Loss of colour in some shots

Discussion in 'Photography Advice & Discussion' started by heart-of-wessex, 6 Feb 2015.

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  1. heart-of-wessex

    heart-of-wessex Established Member

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    Hello all,

    I'm still a novice at photography, have only been doing it for a year, and even then I managed to loose my camera changing trains in a mad rush (long story, but never got it back). I got a Fuji Finepix S1800 Bridge camera, second hand and is highly rated on a lot of reviews, I've found it good for a bridge camera, but in the winter time, I get some odd results and I can't think why.

    Example A:

    [​IMG]60063 by james37611, on Flickr

    This was taken on the Shutter Priority setting, at 1/400. I use this for moving trains as it blurs the train out on Auto (though my mates later Fuji model handles these fine on Auto).
    Could have done a bit more but I'm happy with it. Anyway, facing the other way, on the exact same setting, this happens:

    [​IMG]70008 by james37611, on Flickr

    It looks a bit unnatural, as the colours of the train is there, but the background looks sort of 'greyscale', there's no colour in the tree's compared to the previous picture. I tried custom settings and even Auto, but every photo still had no colour on the leaves.

    I wasn't focusing on the train either, like the first shot, I pointed to the trees and held the focus until the train was in view, then snapped the picture.


    By the fact that no matter what setting I tried not making a difference, I guess there's not a lot I can do about it or is there something wrong somewhere?

    Any help is much appreciated, because even my mate who's been doing photo's longer than me is baffled!



    James.
     
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  3. crehld

    crehld Established Member Senior Fares Advisor

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    Looks like you need to adjust the white balance settings on your camera. This basically tells your camera how to interpret colours, and you should be able to change it according to different lighting situations. I don't have your camera so I can't tell you how, but I'm sure it will be outlined in the manual.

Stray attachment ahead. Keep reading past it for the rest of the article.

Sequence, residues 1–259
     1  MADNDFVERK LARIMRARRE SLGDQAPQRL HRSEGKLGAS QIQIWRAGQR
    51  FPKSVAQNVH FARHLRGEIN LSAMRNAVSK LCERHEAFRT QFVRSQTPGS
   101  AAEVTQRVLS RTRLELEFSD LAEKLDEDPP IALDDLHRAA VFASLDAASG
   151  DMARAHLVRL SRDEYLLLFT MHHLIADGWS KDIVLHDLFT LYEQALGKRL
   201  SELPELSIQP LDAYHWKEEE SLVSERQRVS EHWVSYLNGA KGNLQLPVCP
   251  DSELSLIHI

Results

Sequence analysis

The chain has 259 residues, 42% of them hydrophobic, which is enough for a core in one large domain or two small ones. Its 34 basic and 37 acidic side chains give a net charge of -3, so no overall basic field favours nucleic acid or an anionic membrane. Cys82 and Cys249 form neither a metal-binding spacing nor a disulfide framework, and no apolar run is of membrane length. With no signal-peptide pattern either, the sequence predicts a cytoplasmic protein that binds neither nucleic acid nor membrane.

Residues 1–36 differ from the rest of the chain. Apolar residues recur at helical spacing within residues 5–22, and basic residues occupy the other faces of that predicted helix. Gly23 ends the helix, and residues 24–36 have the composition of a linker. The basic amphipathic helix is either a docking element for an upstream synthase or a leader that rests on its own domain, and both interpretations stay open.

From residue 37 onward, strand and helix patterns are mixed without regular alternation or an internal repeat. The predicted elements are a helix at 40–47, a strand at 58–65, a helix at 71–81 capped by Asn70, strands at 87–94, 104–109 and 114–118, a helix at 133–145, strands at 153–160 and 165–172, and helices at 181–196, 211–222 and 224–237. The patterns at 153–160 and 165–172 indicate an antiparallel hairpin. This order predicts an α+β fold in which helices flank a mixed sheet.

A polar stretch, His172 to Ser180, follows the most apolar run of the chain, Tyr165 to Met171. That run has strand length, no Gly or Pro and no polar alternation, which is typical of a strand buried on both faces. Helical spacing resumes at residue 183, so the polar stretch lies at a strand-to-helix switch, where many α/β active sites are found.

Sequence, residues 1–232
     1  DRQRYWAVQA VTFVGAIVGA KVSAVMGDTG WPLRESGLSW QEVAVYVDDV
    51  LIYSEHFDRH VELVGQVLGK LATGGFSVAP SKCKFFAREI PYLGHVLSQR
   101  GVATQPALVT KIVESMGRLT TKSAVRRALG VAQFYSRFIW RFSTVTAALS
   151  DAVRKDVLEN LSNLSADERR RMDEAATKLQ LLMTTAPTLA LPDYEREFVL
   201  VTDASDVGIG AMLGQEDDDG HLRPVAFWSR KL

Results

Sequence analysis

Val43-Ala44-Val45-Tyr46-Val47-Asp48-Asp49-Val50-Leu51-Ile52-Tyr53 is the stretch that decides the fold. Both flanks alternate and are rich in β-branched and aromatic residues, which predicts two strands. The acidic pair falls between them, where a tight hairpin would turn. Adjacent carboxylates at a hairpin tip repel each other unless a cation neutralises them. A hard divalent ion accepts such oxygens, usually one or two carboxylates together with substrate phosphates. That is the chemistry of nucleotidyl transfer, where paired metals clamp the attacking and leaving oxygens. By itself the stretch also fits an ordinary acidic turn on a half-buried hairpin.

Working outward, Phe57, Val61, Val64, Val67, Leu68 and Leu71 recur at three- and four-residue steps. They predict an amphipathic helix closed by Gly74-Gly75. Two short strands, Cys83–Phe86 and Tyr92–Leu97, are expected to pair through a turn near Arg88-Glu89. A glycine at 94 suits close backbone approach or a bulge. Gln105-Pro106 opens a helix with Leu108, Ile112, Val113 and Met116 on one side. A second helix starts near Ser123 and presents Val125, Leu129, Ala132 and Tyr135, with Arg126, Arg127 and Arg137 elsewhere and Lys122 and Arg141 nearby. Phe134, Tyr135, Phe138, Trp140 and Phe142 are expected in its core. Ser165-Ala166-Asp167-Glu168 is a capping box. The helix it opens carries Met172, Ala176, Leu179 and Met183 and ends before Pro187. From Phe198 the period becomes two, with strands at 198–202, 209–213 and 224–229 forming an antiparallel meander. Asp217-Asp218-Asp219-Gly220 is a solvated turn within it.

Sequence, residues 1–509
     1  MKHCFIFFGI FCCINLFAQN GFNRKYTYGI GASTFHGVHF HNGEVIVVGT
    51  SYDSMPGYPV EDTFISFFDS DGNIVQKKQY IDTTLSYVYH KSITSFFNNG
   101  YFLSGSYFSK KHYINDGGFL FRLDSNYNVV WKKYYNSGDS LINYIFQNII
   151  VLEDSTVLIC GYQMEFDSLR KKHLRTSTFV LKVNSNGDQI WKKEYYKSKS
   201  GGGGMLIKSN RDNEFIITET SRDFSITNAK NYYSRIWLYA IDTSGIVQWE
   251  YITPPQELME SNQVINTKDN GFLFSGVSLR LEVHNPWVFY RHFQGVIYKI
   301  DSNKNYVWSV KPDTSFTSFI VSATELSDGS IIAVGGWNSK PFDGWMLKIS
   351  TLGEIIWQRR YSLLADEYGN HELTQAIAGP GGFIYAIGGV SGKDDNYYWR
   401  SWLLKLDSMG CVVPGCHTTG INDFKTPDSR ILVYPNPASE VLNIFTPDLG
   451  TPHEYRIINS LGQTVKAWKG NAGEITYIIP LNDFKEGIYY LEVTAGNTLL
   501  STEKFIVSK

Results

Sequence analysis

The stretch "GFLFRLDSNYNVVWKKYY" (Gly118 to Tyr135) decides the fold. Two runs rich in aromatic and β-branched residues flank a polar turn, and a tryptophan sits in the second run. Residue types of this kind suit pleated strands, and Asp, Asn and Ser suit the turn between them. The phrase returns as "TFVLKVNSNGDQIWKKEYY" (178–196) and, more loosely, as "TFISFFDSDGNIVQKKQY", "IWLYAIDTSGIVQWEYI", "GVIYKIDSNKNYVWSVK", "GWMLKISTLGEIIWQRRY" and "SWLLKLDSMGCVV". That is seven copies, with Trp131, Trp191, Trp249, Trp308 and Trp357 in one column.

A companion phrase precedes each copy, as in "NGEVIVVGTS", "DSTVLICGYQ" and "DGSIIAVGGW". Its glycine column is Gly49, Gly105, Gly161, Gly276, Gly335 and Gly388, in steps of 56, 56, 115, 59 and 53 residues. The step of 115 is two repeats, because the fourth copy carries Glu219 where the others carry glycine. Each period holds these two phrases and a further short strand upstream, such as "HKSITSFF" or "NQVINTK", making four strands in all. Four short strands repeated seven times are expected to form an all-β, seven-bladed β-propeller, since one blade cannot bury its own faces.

4. wensley

    wensley Established Member

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    Agreed.

    Auto White Balance can be a bit dodgy at adapting to different light. My camera has the option to set for various preset lighting states as well as inputting colour temperature in degrees kelvin (that all gets a bit technical!) for various scenarios. The majority will have a 'daylight' setting and a 'cloudy' setting. Try the cloudy one and it should warm the colours up.
     
  5. Emyr

    Emyr Member

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    Shoot raw and handle the white balance and colour balance when you process the shots on your computer.
     
  6. robert7111a

    robert7111a Established Member

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    Depends if a bridge camera has this option. And a shutter speed of 1/400 is way too slow unless the train was moving very slowly or you intended to blur it
     
  7. ANDYS

    ANDYS Member

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    I agree with Emyr. I always shoot in RAW as things can get hectic when out and about shooting and settings can easily get left/forgotten. Much better to have the RAW data and edit when you get back home. That's what long winter nights were made for.

    Andy S
     
  8. Temple Meads